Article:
Taipei Symphony makes Strathmore Debut with Pride and Passion

Marco Borggreve

Taiwan’s Taipei Symphony Orchestra offered up a vibrant and celebratory performance Friday evening at the Music Center at Strathmore, showcasing its talented musician corps with national pride in a program spanning three centuries and three continents.

Under the baton of guest conductor Jahja Ling, the 91-member orchestra played with a sonorous sound in its Washington Performing Arts debut, striking a warm balance between the radiant strings, majestic brass and glowing winds in Leonard Bernstein’s “Overture to Candide.”

In commemoration of its 50th anniversary, the Taipei Symphony programmed a work that it had commissioned in 2002: the Double Concerto for Violin, Cello, and Orchestra, composed by compatriot Gordon Shi-Wen Chin. The four-movement composition is a sonic adventure of rhythms, intricate sonorities and emotions. Conductor Ling, who premiered the concerto when he was San Diego Symphony’s music director, guided the orchestra through a colorful and intensely focused performance.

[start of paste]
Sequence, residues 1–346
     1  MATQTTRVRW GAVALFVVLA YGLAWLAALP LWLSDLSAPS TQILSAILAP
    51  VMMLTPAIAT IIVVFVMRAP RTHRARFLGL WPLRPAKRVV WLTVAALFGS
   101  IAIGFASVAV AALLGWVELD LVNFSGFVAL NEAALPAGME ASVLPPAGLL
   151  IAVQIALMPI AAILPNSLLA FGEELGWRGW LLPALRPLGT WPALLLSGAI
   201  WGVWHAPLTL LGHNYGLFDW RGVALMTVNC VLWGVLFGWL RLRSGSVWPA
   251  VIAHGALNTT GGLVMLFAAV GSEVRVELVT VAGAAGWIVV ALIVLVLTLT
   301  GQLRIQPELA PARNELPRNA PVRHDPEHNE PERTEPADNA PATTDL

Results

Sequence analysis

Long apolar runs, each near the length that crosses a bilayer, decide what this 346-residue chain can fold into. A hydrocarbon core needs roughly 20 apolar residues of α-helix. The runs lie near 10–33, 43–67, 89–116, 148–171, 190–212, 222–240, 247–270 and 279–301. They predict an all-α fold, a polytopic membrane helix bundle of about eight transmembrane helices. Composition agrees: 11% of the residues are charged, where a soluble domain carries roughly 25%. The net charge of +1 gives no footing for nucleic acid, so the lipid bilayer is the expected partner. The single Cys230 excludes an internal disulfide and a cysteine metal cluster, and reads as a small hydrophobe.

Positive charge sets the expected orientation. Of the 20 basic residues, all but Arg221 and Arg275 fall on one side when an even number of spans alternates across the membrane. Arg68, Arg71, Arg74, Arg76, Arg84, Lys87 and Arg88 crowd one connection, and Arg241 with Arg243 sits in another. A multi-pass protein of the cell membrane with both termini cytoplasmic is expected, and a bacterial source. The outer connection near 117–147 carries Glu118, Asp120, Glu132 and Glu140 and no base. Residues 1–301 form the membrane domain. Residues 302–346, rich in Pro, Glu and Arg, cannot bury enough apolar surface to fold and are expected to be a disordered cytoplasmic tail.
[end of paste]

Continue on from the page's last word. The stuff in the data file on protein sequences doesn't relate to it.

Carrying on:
Featuring Taiwan-born, U.S.-based violinist Paul Huang and Taiwanese American cellist Felix Fan — for whom the concerto was written — the orchestra supported the interplay between the violin’s sweet musings and the cello’s frenetic machinations in the opening “Drifting Shadow.” The two musicians complemented each other well, with Fan’s butterscotch tone and Huang’s lyrical lines flowing with ease. Their meandering melodies in “A Flowering Sacrifice” were beautiful yet unsettling, thanks in part to the ghostly glissandos in the strings, the sounds of paper crumpling and slowly ripping, a bass drum beating like a heart and water pouring and swirling in bowls. Ling threaded these effects gently beneath the soloists, adding to the movement’s primordial quality. Spirited runs in the orchestra heralded “In Expectation,” which evolved into a whimsical waltz. The musicians dove into “Yearning: A Sweet Torture” with operatic verve. Their runs and riffs propelled the soloists to a peak where violin and cello traded emphatic statements before agreeing on a joyous ending.

Ling needed no score to conduct Brahms’s Symphony No. 1 in C Minor, Op. 68, and the orchestra gave it an assured, in-the-moment performance. A rousing encore of a traditional Taiwanese folk song brought the concert to fine conclusion.

Grace JeanWashington Post